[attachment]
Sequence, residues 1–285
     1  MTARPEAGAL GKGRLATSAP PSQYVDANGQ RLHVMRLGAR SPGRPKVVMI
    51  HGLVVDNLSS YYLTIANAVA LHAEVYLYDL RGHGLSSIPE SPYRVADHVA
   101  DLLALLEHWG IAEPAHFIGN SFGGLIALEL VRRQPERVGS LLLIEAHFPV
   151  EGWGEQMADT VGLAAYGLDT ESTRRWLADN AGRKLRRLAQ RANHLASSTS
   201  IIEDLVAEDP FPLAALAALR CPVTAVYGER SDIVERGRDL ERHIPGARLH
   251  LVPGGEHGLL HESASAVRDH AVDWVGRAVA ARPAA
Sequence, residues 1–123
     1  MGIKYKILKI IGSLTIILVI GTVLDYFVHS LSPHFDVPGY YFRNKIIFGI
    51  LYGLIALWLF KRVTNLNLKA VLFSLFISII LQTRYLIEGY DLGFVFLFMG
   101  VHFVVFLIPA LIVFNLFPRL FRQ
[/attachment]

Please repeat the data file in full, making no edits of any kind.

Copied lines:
Sequence, residues 1–285
     1  MTARPEAGAL GKGRLATSAP PSQYVDANGQ RLHVMRLGAR SPGRPKVVMI
    51  HGLVVDNLSS YYLTIANAVA LHAEVYLYDL RGHGLSSIPE SPYRVADHVA
   101  DLLALLEHWG IAEPAHFIGN SFGGLIALEL VRRQPERVGS LLLIEAHFPV
   151  EGWGEQMADT VGLAAYGLDT ESTRRWLADN AGRKLRRLAQ RANHLASSTS
   201  IIEDLVAEDP FPLAALAALR CPVTAVYGER SDIVERGRDL ERHIPGARLH
   251  LVPGGEHGLL HESASAVRDH AVDWVGRAVA ARPAA
Sequence, residues 1–123
     1  MGIKYKILKI IGSLTIILVI GTVLDYFVHS LSPHFDVPGY YFRNKIIFGI
    51  LYGLIALWLF KRVTNLNLKA VLFSLFISII LQTRYLIEGY DLGFVFLFMG
   101  VHFVVFLIPA LIVFNLFPRL FRQ